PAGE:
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Daveyton - 26 February

1. Various of police apprehending man, tying him to their van before slowly driving off

AP TELEVISION - AP CLIENTS ONLY

Johannesburg, 28 Feb 2013

2. Street scene with newspaper placard reading: (English) "Killer Cops Caught On Video"

3. Wide of Moses Dlamini, Independent Police Investigative Directorate

4. SOUNDBITE (English) Moses Dlamini, Independent Police Investigative Directorate:

"The investigation now is to get more statements from witnesses who saw what happened, and the person who took the video - we need to take the statement of that person so that we can authenticate the video and be able to use it as evidence."

Reporter: What were the nature of the injuries of the deceased? Were they absolutely related to being dragged behind a vehicle?

"Well, the allegations are that he was dragged behind a vehicle and his head was bent on the police vehicle. There are also allegations of assault that we are investigating. The post mortem showed that he had head injuries and some injuries on his upper abdomen. That is what we are currently looking at."

5. Close up of newspaper placard on street sign

6. Street scene in Johannesburg

7. Group of people sitting and talking

8. SOUNDBITE (English) Selwyn Adams, Johannesburg resident:

"I've seen cops coming, they can just say get in the van or whatever, no matter what crime you've done. You understand? Why do they need to beat you and throw you in a van? They're driving like you are an animal or fruit in a bag."

9. SOUNDBITE (English) Alfonso Adams, Johannesburg resident:

"They are there for safety, but we as a people fear them more. You don't know who to trust any more."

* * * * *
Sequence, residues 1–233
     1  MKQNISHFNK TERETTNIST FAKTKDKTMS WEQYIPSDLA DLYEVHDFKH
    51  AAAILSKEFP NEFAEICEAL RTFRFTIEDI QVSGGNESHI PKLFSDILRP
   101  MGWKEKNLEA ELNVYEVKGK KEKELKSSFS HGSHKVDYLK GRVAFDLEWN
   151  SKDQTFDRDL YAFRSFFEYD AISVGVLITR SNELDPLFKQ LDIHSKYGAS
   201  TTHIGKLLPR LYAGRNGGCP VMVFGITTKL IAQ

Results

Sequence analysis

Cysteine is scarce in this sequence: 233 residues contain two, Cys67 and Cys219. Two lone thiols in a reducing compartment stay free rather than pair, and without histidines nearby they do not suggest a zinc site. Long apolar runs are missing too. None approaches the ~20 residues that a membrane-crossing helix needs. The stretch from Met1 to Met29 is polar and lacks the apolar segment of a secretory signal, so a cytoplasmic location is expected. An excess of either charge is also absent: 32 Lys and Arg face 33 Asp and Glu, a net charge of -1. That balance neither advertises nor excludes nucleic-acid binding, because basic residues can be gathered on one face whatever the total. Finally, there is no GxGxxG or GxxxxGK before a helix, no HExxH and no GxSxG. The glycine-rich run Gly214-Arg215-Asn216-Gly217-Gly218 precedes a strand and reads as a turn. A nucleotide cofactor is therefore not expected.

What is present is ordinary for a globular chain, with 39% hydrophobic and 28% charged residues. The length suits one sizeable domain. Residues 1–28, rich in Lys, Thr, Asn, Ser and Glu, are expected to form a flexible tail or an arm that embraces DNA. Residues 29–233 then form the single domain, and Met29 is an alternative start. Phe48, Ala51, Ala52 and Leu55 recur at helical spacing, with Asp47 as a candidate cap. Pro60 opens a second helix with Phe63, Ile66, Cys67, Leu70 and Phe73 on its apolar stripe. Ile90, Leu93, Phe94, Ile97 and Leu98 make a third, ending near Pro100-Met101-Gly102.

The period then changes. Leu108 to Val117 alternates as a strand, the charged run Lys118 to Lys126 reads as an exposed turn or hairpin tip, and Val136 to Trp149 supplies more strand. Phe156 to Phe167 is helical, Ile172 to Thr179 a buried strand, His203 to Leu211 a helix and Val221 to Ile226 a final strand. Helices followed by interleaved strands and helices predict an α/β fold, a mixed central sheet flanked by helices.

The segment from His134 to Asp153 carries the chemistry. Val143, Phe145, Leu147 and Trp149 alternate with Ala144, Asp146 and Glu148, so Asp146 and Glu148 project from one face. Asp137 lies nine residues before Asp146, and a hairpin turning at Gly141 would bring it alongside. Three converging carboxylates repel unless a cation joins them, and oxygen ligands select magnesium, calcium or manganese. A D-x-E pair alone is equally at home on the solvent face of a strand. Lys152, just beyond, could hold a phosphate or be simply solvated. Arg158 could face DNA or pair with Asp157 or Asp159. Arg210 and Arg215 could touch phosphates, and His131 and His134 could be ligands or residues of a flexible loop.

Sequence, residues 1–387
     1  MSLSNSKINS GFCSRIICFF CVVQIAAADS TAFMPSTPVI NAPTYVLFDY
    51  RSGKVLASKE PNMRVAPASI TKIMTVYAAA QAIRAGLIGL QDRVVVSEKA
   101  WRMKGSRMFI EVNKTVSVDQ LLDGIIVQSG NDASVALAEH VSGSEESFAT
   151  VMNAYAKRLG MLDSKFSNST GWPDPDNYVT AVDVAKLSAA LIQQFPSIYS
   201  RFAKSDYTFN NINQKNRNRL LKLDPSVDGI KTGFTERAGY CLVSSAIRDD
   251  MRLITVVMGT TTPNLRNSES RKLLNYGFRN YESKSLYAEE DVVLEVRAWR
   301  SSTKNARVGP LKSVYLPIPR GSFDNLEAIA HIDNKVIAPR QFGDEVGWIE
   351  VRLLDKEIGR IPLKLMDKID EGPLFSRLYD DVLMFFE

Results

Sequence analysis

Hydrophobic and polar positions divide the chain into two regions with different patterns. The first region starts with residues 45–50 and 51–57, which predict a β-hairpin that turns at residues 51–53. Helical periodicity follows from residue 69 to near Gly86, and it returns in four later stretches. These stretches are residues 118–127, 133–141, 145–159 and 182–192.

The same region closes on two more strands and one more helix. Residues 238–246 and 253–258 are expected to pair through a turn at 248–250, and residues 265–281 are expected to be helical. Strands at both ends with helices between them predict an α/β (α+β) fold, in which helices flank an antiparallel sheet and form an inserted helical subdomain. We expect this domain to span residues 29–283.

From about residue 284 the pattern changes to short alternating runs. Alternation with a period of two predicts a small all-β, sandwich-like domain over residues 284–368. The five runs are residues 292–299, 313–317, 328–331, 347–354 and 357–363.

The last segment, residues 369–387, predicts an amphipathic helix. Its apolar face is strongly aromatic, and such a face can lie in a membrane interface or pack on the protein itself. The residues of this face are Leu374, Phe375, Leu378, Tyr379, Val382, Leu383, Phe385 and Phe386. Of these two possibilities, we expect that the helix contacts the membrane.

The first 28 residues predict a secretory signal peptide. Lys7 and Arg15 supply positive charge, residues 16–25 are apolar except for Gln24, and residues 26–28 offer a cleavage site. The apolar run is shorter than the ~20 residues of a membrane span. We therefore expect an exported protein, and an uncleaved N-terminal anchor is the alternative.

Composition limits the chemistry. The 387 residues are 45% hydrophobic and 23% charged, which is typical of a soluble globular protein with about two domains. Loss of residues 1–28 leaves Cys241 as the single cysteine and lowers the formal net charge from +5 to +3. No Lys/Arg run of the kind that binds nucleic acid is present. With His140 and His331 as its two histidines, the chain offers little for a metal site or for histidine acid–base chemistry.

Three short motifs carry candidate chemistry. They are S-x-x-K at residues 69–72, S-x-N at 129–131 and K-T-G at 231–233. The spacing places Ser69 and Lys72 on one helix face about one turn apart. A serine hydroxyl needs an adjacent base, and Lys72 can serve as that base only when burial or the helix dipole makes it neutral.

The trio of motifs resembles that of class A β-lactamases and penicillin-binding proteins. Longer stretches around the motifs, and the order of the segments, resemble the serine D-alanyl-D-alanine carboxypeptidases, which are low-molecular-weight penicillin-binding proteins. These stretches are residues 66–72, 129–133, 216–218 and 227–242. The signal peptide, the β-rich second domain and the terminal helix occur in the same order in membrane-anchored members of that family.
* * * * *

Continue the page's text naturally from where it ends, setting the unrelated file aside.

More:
10. Wide of traffic on street

SHOTLIST

Video footage has emerged in South Africa showing an incident in which a man is tied to the back of a police van and driven off. He later died.

In the amateur video police can be seen tying a man to their van before slowly driving off in Daveyton on the eastern outskirts of Johannesburg.

The Daily Sun, a South African newspaper, posted video the footage on Thursday and it was quickly picked up by other South African news outlets and carried on the Internet. It sparked immediate outrage.

Some of those in the crowd who watched the scene unfold in a township east of Johannesburg shouted at the police and warned that it was being videotaped.

The police did not seem at all concerned as they tied Mido Macia, a 27-year-old taxi driver from neighbouring Mozambique, to the back of a police vehicle, his hands behind his head, his buttocks on the ground.

"We are going to film this," several onlookers shouted in Zulu as the police tormented Macia. One bystander can be heard on the videotape shouting in Zulu: "What has this guy done?"

A police watchdog agency has said the incident started just before 7 pm (1700 GMT) on Tuesday when the cab driver was allegedly obstructing traffic with his vehicle.

Then, Macia allegedly assaulted a constable and took his weapon before he was overpowered, the Independent Police Investigative Directorate said in a statement.

At first, Macia, dressed in jeans and a red T-shirt, is dragged along the road by the vehicle at slow speed, the footage shows.

He awkwardly tries to keep step even though he is almost horizontal above the ground.

Then the van stops, two policemen pick up the legs of the taxi driver and drop them to the ground as the van picks up speed and drives off, beyond the view of the camera.

Moses Dlamini of the Independent Police Investigative Directorate said early on Thursday that his service has opened a murder probe.

"The investigation now is to get more statements from witnesses who saw what happened, and the person who took the video - we need to take the statement of that person so that we can authenticate the video and be able to use it as evidence," he said.

The IPID said on Thursday that Macia suffered head and other injuries, including internal bleeding.

"The allegations are that he was dragged behind a vehicle and his head was bent on the police vehicle. There are also allegations of assault that we are investigating," said Dlamini.

"The post mortem showed that he had head injuries and some injuries on his upper abdomen. That is what we are currently looking at."

The footage renewed concerns about brutality, corruption and other misconduct by a national police force whose reputation has suffered in recent years amid reports that many officers lack training.

Some have been charged with committing the crimes they are supposed to prevent, including rape and murder.

"They are there for safety," said Alfonso Adams, a man living in Johannesburg.

"But we as a people fear them more. You don't know who to trust any more."

(****END****)